And of course, the way you write your LinkedIn profile will influence the type of opportunities which might arise. For example, if you are a project manager and you optimise your LinkedIn profile to showcase your project management prowess, there’s every chance you’ll be contacted with an opportunity.
And of course, LinkedIn will periodically notify you of relevant jobs – Even if they’re not suitable, it’s always useful to know what’s out there.
If you run your own business, you absolutely should be on LinkedIn.
The potential for finding new clients, business opportunities and connections is truly excellent, so go ahead and create an account now. I’ll wait.
We’ll cover lead management, marketing, and sales later on, but for now just know you’re in the right place.
LinkedIn groups are a goldmine of up-to-date information, news, discussion and potential employers/business partners.
There’s just one problem – Most of the best groups are private.
You have to apply to join them.
And of course, the people who create and moderate these groups don’t want to let in just anybody. They want professional, knowledgeable people who can add value to their group.
In order to demonstrate that you’re such a person, you’ll need a solid, focused LinkedIn profile.
This is the most nebulous of reasons for joining LinkedIn, and it’s also the ‘purpose’ of your average, poorly constructed, abandoned LinkedIn profile.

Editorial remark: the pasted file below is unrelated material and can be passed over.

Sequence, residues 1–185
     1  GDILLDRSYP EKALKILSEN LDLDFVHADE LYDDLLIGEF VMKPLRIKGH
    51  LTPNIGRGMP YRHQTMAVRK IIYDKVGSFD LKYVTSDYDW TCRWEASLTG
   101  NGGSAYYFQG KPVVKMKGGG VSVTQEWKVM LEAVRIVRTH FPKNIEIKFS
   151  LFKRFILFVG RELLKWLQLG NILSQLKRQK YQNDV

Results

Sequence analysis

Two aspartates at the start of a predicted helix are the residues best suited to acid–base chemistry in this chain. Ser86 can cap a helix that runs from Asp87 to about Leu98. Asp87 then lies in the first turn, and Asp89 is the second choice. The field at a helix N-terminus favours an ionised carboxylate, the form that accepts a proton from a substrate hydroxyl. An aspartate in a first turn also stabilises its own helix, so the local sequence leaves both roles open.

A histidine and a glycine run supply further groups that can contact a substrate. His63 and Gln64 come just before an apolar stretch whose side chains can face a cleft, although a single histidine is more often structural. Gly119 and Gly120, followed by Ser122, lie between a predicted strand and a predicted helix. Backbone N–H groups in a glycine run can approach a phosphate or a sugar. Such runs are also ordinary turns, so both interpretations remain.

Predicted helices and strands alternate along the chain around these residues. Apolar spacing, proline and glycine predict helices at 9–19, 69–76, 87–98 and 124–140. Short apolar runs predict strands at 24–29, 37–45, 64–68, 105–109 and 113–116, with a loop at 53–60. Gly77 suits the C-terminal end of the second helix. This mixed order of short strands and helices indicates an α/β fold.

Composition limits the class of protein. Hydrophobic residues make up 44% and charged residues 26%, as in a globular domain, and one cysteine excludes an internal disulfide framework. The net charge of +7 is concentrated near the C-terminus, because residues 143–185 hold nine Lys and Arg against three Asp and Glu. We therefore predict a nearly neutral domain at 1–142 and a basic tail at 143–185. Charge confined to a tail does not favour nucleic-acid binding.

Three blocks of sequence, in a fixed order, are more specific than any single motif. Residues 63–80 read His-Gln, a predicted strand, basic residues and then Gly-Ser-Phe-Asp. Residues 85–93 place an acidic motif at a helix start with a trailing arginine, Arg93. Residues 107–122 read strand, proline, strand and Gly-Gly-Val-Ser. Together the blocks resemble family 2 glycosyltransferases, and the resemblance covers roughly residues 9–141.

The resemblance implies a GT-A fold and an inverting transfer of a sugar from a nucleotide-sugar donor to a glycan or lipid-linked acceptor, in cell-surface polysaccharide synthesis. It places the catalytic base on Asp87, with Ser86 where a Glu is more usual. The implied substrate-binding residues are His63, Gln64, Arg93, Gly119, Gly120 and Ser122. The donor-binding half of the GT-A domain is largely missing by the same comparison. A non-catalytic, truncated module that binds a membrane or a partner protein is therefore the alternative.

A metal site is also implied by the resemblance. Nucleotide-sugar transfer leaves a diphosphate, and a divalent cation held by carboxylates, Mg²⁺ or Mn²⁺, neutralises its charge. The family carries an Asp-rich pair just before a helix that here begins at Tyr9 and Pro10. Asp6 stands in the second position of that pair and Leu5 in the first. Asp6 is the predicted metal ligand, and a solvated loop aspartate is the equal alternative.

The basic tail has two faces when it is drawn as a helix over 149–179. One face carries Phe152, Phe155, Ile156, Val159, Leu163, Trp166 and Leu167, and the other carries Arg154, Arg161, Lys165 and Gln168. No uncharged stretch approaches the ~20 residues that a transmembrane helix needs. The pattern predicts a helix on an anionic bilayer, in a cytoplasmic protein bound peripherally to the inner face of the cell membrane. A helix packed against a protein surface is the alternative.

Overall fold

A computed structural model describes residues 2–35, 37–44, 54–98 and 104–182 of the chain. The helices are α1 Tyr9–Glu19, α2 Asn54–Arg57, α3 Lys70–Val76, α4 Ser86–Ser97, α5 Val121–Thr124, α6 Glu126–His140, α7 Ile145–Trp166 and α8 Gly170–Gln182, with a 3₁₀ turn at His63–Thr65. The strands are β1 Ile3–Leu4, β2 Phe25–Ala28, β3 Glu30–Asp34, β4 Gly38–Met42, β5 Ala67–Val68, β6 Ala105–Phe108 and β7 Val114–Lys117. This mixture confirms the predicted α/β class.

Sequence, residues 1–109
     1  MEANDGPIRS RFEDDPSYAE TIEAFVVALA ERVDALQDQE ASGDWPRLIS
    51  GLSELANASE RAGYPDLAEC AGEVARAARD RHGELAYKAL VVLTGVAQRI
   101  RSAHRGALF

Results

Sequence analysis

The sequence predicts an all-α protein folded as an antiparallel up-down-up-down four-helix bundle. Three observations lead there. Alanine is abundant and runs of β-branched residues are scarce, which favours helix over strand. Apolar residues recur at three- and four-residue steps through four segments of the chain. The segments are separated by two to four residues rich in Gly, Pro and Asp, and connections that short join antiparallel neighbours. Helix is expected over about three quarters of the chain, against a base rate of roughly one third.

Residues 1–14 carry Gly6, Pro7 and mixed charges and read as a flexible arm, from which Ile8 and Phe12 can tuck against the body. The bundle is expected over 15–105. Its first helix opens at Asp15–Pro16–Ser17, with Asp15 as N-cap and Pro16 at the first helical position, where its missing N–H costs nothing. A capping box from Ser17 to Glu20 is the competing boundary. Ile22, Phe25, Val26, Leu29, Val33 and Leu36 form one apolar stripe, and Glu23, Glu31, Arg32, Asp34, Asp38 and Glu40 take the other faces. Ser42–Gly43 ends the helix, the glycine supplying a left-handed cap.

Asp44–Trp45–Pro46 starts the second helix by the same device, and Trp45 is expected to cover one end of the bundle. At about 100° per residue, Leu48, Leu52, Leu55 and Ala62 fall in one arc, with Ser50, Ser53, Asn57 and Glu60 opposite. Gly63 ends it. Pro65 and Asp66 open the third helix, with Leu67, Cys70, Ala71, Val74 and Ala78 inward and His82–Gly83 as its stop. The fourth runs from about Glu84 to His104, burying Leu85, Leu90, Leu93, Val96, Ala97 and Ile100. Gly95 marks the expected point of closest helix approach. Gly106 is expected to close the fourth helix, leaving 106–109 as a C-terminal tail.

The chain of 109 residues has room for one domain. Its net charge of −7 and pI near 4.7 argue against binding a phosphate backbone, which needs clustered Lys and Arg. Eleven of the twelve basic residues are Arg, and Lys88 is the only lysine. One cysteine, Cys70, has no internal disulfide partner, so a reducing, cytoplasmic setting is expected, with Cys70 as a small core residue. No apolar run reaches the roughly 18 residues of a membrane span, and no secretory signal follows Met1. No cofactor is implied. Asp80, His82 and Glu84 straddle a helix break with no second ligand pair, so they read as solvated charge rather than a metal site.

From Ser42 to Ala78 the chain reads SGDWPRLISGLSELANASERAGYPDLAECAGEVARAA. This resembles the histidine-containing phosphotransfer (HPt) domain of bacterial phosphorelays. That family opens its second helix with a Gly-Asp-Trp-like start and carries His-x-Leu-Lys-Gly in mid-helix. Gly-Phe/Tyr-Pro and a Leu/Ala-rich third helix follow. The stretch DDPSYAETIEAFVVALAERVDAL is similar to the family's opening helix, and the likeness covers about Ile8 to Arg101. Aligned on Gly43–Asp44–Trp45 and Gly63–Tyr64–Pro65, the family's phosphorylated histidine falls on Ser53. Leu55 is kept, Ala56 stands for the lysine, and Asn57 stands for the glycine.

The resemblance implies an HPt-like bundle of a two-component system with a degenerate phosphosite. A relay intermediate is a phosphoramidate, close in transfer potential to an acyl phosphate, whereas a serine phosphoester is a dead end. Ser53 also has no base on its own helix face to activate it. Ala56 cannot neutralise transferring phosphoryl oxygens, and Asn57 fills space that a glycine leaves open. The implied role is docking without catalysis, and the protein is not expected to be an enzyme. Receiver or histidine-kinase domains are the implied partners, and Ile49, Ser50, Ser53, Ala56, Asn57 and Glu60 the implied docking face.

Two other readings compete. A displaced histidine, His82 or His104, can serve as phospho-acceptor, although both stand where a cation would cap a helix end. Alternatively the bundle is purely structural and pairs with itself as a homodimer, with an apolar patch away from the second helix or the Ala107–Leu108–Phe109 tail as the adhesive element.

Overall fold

But that doesn’t mean it can’t be valid.
Your professional network dictates which opportunities come your way… and which don’t. You might have a former classmate who now works at your dream company, but if you have no contact with them you’ll never know.
If you put together a professional profile – including your career and educational history – LinkedIn will try to find and suggest potential contacts. These will usually be people you’ve worked with, or gone to school with, and you can choose whether you’d like to add them to your network.
Now I don’t want to recommend that you add people randomly because you met them once in a lift. An untargeted network is just as useless as having no network at all.
At the same time, the more people you have in your network, the more chance you’ll have of networking with the kinds of people you want to network with.
We’ll cover exactly how this works later, but in the mean time my suggestion would be to always add colleagues and friends who work in relevant industries or professions.
Even if you never benefit from the connection directly, there’s always a chance that you’ll ‘know a guy who knows a guy’.
So potential employers can ‘Google you’?
This may sound ridiculous, but bear with me.
Using search engines to vet job applicants is a relatively recent thing, but I know for a fact that many employers do it. If I wanted to hire someone to work with me, or indeed collaborate with somebody I didn’t know, you can be sure I’d do at least some research.
This poses a problem – particularly if you’re a young person. You have set your Facebook privacy settings to invisible, right?
Prospective employers don’t need to know what you get up to at weekends, so if you’re doing your job right a basic Google search won’t turn up any of your personal social media accounts.
But as much as you don’t want to share intimate details about your personal life, you also don’t want to be anonymous. A professional, informative LinkedIn account which backs up your job application is the perfect remedy.